euro account switzerland

Swiss Euro-Denominated Accounts: Do They Make Financial Sense?

Does opening a euro-denominated bank account make financial sense for residents of Switzerland? This report answers that question.

Compared to stocking euros in cash, using a euro-denominated account has the benefit (in theory) of delivering yields on your assets. Swiss banks primarily offer two types of euro-denominated bank accounts. Both are just as easy to open as regular Swiss franc-based bank accounts.

Euro-denominated private accounts

The first option is a checking account, commonly called a private account or giro account in Switzerland. Private accounts are designed to handle frequent financial transactions. Your debit card (a Maestro card, for example) will typically be linked to a private account.

A disadvantage is that euro-denominated private accounts in Switzerland pay little or no interest, as comparisons show. Many, including the euro accounts from UBS, don’t deliver any interest at all. Additionally, banks generally charge you account fees for private accounts, which adds a cost in addition to not delivering interest.

Euro-denominated savings accounts

Another option is to open a euro-denominated savings account. Many Swiss banks offer these and most banks do not charge annual account fees. Savings accounts are not well-suited to making frequent transfers and other transactions. There are limitations on withdrawals and online banking services (transfers, direct debits) may be limited. Some banks provide ATM cards which can be used to withdraw money from savings accounts at ATMs, but others do not. However, many banks pay some amount of interest for euro savings account balances.

As shown by the interactive savings account comparison, there has been a dramatic drop in annual yield rates for Swiss euro accounts, with yields following the low rates of Swiss franc savings accounts. Because of this, there is little benefit to investing euros in a savings account rather than holding the money in cash.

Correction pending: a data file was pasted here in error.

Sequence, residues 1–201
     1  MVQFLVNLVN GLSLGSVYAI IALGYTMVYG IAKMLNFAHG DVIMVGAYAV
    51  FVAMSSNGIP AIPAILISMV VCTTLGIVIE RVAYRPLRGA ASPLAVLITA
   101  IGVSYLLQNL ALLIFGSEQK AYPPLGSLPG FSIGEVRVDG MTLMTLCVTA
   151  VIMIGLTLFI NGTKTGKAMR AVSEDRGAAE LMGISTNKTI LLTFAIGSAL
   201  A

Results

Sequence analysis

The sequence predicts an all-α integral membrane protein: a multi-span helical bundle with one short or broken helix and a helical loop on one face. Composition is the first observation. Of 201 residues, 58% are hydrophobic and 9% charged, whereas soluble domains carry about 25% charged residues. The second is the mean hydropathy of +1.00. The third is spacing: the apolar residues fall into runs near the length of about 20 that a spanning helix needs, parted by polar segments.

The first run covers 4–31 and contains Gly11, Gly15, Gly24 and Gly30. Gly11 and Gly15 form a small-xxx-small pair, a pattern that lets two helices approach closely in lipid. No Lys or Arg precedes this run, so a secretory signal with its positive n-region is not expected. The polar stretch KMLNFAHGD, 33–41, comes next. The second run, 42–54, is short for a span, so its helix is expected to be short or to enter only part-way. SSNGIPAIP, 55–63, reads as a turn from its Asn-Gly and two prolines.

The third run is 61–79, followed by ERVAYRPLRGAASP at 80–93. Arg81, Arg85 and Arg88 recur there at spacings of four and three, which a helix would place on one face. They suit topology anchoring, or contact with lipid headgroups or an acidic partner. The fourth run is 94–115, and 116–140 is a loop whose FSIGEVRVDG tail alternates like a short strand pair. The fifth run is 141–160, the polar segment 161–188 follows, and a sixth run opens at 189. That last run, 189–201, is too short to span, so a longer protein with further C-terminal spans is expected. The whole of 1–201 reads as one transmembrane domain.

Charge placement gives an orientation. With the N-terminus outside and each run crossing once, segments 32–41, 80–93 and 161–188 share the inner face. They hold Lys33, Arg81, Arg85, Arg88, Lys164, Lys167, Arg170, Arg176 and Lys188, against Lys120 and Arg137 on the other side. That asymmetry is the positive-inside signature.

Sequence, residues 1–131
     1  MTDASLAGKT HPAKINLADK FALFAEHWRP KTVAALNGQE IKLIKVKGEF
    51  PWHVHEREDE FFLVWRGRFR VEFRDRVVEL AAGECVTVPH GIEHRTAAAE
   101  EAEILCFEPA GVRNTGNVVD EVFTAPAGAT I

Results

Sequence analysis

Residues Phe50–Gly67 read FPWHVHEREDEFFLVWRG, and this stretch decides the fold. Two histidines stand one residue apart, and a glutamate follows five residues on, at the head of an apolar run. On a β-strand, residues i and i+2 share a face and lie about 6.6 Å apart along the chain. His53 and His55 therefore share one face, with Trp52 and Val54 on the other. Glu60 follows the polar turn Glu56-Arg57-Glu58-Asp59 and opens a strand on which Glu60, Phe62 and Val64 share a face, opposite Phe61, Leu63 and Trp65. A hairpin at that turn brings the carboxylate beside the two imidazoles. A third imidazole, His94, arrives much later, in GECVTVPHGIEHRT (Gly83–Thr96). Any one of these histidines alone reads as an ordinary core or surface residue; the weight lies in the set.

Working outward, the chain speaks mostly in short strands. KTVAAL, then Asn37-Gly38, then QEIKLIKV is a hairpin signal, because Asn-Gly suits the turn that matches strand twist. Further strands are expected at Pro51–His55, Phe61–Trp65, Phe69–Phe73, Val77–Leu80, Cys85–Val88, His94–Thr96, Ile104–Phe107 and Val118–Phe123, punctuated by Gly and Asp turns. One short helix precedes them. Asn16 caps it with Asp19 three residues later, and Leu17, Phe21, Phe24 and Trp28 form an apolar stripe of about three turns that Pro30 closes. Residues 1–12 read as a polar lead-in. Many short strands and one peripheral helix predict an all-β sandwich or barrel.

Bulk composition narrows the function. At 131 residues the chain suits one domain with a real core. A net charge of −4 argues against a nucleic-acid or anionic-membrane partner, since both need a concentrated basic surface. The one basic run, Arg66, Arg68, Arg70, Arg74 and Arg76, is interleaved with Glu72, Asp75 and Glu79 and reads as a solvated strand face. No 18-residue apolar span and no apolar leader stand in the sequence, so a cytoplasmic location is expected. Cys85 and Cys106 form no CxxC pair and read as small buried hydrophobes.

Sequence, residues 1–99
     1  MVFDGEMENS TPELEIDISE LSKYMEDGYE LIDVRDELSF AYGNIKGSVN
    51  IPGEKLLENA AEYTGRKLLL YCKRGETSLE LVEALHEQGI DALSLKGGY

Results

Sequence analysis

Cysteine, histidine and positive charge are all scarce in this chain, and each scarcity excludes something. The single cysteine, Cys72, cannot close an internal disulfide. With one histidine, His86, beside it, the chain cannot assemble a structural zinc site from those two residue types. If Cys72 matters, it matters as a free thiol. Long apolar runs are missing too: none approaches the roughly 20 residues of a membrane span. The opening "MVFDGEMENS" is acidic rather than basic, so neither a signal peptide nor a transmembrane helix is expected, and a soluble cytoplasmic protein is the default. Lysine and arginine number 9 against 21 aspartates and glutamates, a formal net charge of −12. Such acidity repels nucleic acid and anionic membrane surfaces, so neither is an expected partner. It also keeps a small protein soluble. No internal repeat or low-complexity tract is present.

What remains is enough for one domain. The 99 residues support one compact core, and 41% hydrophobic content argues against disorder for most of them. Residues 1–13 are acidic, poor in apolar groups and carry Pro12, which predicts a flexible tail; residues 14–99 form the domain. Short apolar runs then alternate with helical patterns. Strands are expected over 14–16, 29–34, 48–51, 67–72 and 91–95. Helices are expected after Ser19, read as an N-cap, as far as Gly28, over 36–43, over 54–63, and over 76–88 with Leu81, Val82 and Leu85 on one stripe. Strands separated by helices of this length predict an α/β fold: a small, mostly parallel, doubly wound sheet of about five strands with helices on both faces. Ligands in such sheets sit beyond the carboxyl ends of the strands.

Speculators should also consider that, in the absence of a fixed floor on exchange rates, the euro could theoretically depreciate in value against the Swiss franc.

Using euro accounts for regular euro transactions

There is one use case in which a euro account can benefit you, which has nothing to do with speculation. Opening a euro account is a good idea if you regularly pay for goods and services in euros.

When you use a Swiss franc account to pay in euro-zone countries, the foreign currency exchange fees will vary depending on the payment processors involved. Because you can transact directly in euros from your euro account, you avoid currency exchange costs. Just note that you do pay in the way of a currency exchange spread when you deposit Swiss francs into a euro account.

If you use credit cards, then using a euro-denominated bank account in combination with a euro-denominated credit card is beneficial. The reason for this is that you avoid paying a credit card foreign transaction fee when making purchases in Eurozone countries. You can settle your credit card bill in euros from your euro account. This way you only pay in the way of the currency exchange spread applicable when you deposit Swiss francs into your account.

It is also important to note that Swiss banks generally charge a fee (a disagio) for cash withdrawals in euros from euro accounts. Some banks charge a fee (an agio) when you deposit euros into your euro account. Banks charge these fees in order to profit from cash deposits and withdrawals.

More information:
Savings account comparison
Private account comparison
Credit cards comparison
Foreign currency accounts explained
Foreign currency credit cards explained
Peer to peer currency exchange explained

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